Larry Efird: It’s about learning, not being liked
By Larry Efird
For the Salisbury Post
Recently a young man said before class, “I like you. You’re a good teacher.” In the next breath, he said, “But I know someone who doesn’t like you. She told me yesterday. She doesn’t like your class at all.” I wanted to tell him that I knew some people who probably didn’t like her either — but I refrained.
Coming on a Friday morning, the last day of a strenuous week, his remarks pretty much summed up how I felt. I then remembered once again something my omniscient grandmother was fond of quoting when I was growing up: “There’s always going to be someone who doesn’t like you.” Because I was a people pleaser, I didn’t really like her saying that, even though I knew she was probably right. She always was.
I had to learn during my first year of teaching a very long time ago that my effectiveness as a teacher did not rise and fall on how many students liked me and how many didn’t. My primary job wasn’t to become their friend; my job was to teach them.
Whenever I hear that a student has a less-than-flattering opinion of me, it doesn’t make me think I’ve chosen the wrong career (unless I’m having an extremely bad day). I’m only human, so, of course, the comment may wound my pride. Oftentimes, it makes me wonder what caused a student to dislike me in the first place. But I have to remember I’m dealing with teenagers, and their moods and worldviews may change as often as the bell rings.
I don’t know of many teachers who wake up in the morning thinking how much fun ruining one more student’s day will be. Teachers don’t stay up late at night plotting how to become more obnoxious or figuring out more effective strategies to frustrate their classes. We’d like to think every day would be productive for everyone, even the hardest-to-reach kids, but we know that’s not reality.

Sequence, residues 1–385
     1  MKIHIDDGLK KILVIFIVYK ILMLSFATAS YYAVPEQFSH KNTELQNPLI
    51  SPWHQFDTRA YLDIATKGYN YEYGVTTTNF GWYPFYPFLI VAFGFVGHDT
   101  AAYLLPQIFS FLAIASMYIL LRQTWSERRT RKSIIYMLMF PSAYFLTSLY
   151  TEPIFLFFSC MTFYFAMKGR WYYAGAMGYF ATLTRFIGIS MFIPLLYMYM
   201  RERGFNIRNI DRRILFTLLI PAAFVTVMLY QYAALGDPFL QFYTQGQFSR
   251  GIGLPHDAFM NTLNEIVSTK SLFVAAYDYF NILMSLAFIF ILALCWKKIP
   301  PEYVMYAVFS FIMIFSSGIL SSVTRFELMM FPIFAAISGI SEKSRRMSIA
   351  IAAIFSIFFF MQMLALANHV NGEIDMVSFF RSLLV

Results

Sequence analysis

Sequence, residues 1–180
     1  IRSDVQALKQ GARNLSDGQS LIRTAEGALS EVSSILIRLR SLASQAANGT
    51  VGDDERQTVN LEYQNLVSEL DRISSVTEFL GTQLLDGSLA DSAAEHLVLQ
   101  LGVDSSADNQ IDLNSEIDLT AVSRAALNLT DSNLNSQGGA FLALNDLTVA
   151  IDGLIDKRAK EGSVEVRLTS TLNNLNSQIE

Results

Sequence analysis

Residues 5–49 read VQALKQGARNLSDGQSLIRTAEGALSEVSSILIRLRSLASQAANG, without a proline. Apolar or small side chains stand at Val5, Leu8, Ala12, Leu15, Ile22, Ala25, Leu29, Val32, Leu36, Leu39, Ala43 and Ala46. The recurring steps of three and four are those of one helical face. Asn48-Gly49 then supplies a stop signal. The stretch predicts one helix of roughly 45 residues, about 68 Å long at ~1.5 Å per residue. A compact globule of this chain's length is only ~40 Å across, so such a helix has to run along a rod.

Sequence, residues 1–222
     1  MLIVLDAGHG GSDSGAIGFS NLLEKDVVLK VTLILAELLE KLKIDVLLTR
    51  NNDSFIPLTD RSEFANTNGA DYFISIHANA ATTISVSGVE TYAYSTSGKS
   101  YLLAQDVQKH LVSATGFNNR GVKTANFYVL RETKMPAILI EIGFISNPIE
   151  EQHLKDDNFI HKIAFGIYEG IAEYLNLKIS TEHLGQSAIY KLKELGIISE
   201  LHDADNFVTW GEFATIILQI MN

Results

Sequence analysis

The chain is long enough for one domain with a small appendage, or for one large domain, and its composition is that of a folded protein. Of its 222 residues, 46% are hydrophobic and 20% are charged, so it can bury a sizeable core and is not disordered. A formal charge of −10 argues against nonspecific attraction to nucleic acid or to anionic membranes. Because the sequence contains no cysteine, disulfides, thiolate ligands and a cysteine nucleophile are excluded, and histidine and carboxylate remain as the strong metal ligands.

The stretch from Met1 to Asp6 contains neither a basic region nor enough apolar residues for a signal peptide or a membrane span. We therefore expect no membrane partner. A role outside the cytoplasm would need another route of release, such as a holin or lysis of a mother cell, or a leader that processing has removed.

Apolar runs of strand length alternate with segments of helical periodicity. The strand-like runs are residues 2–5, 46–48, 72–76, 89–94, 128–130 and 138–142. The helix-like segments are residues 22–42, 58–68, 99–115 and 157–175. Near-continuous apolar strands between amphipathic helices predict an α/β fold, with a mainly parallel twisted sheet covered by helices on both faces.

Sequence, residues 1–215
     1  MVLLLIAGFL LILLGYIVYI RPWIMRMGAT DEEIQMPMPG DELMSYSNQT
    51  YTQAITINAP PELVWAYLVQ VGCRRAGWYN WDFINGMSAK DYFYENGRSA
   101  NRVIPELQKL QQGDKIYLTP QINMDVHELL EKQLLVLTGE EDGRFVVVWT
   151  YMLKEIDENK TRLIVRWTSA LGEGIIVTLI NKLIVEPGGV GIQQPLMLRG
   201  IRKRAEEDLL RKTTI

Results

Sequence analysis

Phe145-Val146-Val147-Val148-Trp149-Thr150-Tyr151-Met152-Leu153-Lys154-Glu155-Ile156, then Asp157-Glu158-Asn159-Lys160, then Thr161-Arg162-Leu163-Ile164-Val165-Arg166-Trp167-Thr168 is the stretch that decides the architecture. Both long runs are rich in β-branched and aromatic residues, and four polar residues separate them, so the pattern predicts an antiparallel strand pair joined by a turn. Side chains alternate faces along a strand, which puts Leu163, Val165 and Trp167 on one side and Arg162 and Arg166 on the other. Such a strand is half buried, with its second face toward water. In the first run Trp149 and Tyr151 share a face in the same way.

I’ve been playing this game a very long time and I’ve experienced the awkwardness of a misunderstanding, a mistake or a misspoken word on more than one occasion. There’s nothing new or unusual about that dilemma all teachers face at some point or another with a student, parent or even another teacher.
At one point in my career, I tried to reason with an entire class of students, to help them see “my side.” After painfully realizing that approach fails more often than not, I graduated to the philosophy that every student would not like me, no matter how hard I was working to make a class interesting, or how accommodating I tried to be. That was an impossible goal. I then concentrated my efforts on becoming the best teacher I could be, whether or not anyone noticed.
The truth is that I don’t remember thanking many of my own teachers when I was in school, simply because I was wrapped up in myself and my little world, not in theirs. They were merely fulfilling a function to society — and they were getting paid to make me work — so why should I thank them for that? I liked them well enough but I could not fully appreciate how they were impacting my future.
I have also had the sobering, yet enriching, experience of apologizing to a student when I realized I clearly mishandled a situation. I’ve also had students humbly apologize to me. Not long ago, a student apologized because of another student’s disrespect. She didn’t like what she had seen, so she wanted me to know how she felt on my behalf.
Perhaps the strongest trait I see in most teenagers is their ability to move on after a misunderstanding and learn a lesson in the process. A lot of adults could follow their example because I firmly believe adults have a harder time forgiving and moving forward than kids.
Whenever I hear that a student doesn’t like me, I wish I could be gracious and tell him or her that there are times I don’t like myself either, and leave it at that. And though I may not have liked what my grandmother told me when I was a teenager, I do like knowing that she told me the truth.
Larry Efird teaches at A.L. Brown High School in Kannapolis.
The Post is reprinting this Oct. 7, 1984, article by former Post editor George Raynor in conjunction with a program... read more